Over the last six years, I was an on-again, off-again “Lost” watcher. I really got into it when I lived on Oahu. I really got off of it when I was too linear for the show’s own good.
I was a Lapsed-Lost follower.
I hadn’t seen an episode for three years until I was hooked by last week’s hype.
The last show? Really? No more “Lost”? Honest to God? I was back on the island.
Without benefit of Cliff Notes, it took me awhile to figure out how I was “Lost” all those years. But it didn’t matter. And then it all came together. The “lost” were found, and everyone was reunited in…. Heaven?
I suppose if I was a devotee all these years, this would have been my religious experience. The family coming together and seeing the light.
But I wonder how else they could have tied things up. People coming together for a journey, but instead of Oceanic 815, they’re sitting in pews at a church. The 8:15 Mass?
The number of Christian references would have bothered me if I were say Buddhist or Muslim. But since I was in church earlier that day for Pentecost Sunday and had the image of tongues of fire in my mind all day, I was intrigued how openly Christian the finale was.
Symbols abound: The coffin marked “Christian Shepherd.” The drinking of the cup, with the words, “Now you are like me.” Desmond being lowered to the depths of fire and the earth moving–“Revelation”? Ben apologizing to John, and John saying, “I forgive you.” Jack the son, with his father, who has all the answers, or not. But yes, we’re all dead. No Last Supper. But there is a group hug/cocktail-less cocktail party, with everyone ending up in the pews. There are 16 people, 4 more than the apostles. And the father walks down the aisle to open the door. Let there be light. Transfiguration? And then it’s all interspersed with Jack on the island, on his back, wounded on his side, a more obvious Christ figure, no? But Jesus didn’t have his dog with him in the end.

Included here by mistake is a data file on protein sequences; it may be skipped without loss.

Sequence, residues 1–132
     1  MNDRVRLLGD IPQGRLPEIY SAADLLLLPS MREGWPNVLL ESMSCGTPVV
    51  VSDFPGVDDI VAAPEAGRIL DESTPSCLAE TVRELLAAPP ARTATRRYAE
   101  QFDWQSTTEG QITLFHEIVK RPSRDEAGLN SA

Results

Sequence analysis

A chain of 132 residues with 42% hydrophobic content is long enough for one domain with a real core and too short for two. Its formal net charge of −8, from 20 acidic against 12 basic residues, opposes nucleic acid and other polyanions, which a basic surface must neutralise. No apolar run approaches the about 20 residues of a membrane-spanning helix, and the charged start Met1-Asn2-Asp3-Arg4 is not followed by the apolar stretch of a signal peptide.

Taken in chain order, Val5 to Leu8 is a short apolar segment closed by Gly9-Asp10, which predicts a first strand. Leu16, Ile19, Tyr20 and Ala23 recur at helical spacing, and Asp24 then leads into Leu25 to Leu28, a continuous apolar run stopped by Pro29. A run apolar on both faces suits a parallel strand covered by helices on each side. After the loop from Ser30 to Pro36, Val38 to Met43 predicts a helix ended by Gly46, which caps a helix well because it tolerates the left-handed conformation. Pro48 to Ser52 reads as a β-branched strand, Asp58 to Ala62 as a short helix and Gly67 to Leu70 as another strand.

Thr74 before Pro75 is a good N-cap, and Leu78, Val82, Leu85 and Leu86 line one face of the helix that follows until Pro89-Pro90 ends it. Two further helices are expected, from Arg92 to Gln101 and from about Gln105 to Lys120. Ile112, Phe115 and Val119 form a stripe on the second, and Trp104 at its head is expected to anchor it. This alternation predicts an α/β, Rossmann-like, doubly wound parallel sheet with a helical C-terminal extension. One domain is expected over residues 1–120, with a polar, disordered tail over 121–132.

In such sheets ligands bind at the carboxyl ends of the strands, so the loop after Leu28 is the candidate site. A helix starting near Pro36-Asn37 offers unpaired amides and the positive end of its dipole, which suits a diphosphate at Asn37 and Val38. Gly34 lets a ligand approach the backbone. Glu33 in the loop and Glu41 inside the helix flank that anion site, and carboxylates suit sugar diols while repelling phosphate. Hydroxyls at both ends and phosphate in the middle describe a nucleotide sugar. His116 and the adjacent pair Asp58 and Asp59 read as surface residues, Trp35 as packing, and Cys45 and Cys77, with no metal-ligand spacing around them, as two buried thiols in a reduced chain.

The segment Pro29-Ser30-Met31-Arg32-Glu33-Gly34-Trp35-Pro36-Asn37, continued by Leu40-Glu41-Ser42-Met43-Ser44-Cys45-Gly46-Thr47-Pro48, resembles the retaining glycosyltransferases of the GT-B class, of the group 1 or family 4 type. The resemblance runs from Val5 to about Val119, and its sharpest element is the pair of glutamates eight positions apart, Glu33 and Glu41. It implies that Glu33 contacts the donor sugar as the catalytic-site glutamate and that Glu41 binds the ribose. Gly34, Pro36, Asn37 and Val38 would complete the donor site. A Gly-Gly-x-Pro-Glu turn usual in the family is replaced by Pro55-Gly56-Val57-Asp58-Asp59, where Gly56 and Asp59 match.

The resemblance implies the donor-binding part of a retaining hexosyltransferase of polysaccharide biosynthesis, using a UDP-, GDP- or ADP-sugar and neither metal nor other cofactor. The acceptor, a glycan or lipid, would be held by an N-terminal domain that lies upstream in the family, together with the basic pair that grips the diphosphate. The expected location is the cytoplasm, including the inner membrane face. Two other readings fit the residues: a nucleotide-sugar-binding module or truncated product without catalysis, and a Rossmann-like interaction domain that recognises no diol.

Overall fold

I swear the show was more fun than watching the Church Channel.
I watched the ending again this morning, and if I wasn’t so snarky, I’d say the guilt from missing the last three seasons almost rendered me teary-eyed. But I dare say it was more remarkable a display from the producers than not, and hardly the cop-out as suggested by one major daily.
If you wanted a technical explanation for things, you’re a fool anyway. The producers had it more right than not. I forgive them their convolution.
When you kill a show, you are attending a funeral. I did catch symbols of other religions on the stained glass windows, so it wasn’t totally Christian, just predominantly so. But the tone was fine for saying goodbye. The story isn’t about physics and science. It’s about human relations and characters, and for something so Hollywood the “Lost” finale was pretty damn moving.
Now on to the end of “24,”where the devil shall be vanquished as the day ends.